We spend a lot of time focusing on the workforce of the future and our needs as a business to transfer knowledge and adapt our solutions to the next generations coming in. In these conversations, I picture our organizations watching the existing employees file out the door to retirement as these new recruits walk in, passing the virtual baton of knowledge. However, that is rarely the case; hopefully, there is overlap where both populations are present.
During this time, it’s critical that you also honor these existing employees, as they are still critical to your future. Consider these tips for managing a multigenerational workforce:
- Create Mentor Roles: Create formal roles to allow these individuals to function as mentors to the new teams. This should be seen as an important role; provide these individuals the needed support throughout the mentoring process. This may mean freeing up time during the day to mentor and providing additional compensation.
- Provide Alternatives to Retirement: Many individuals are ready to retire but nervous about no longer working every day. Consider moving these individuals to a part-time status, allowing them to continue mentoring, acting as a subject matter expert for training, or providing other degrees of support during the transition process.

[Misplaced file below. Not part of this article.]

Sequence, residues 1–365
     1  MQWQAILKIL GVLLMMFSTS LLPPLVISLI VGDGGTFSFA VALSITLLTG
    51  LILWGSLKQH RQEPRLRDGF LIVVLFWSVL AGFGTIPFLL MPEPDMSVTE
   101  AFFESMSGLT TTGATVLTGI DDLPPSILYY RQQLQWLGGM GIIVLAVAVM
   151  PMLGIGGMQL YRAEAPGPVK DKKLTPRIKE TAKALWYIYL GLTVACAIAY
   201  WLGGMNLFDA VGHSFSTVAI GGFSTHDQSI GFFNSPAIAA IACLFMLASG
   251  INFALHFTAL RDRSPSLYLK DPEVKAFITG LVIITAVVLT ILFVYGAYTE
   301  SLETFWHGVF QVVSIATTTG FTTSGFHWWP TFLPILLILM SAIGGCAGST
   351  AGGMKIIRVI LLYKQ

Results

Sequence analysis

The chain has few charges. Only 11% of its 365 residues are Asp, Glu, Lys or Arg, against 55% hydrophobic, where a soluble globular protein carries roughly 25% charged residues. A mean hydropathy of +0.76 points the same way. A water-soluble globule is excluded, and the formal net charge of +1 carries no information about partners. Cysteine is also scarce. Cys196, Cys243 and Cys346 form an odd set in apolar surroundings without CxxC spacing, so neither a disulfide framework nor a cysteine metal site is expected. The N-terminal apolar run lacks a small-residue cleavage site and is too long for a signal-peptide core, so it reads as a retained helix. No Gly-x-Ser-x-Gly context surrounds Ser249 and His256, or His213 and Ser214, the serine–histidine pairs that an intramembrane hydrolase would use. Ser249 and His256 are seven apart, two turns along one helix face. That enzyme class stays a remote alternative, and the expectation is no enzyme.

- Develop Multiple Modalities of Training: We focus so much on this future workforce that we often forget about training needs and that we have legacy learners as well. Consider providing training in two different formats until you have completely made the transition to all next generation learners so as not to disenfranchise your existing employees.
- Consider Next Generation Training for Non-Next Gen: While your new employees may find technology adoption natural, some of your existing employees might not. Consider offering training on new pieces of technology so that your existing employees can be comfortable as well. Technology that may seem simple, like using mobile devices, generating QR codes, and even connecting to Wi-Fi, may be a challenge to your existing population.
- Include In-Person Social Learning: In a world of social learning, blogs, and communities, you may be unintentionally leaving out your non-digital population. Consider having in-person communities as well for your learners who prefer in-person interactions.
These are just a few examples of modifications you may need to try while managing a multigenerational workforce. If you don’t honor these individuals and the work they provided in the past, you run the risk of them leaving before you can complete the knowledge transfer process.
One last reminder: Change is hard. Change is hard for the organization and all the people within. Be considerate in how you communicate change and embrace change. Sometimes over-communicating and allowing 1:1 time for discussion can be critical to having a stable organization.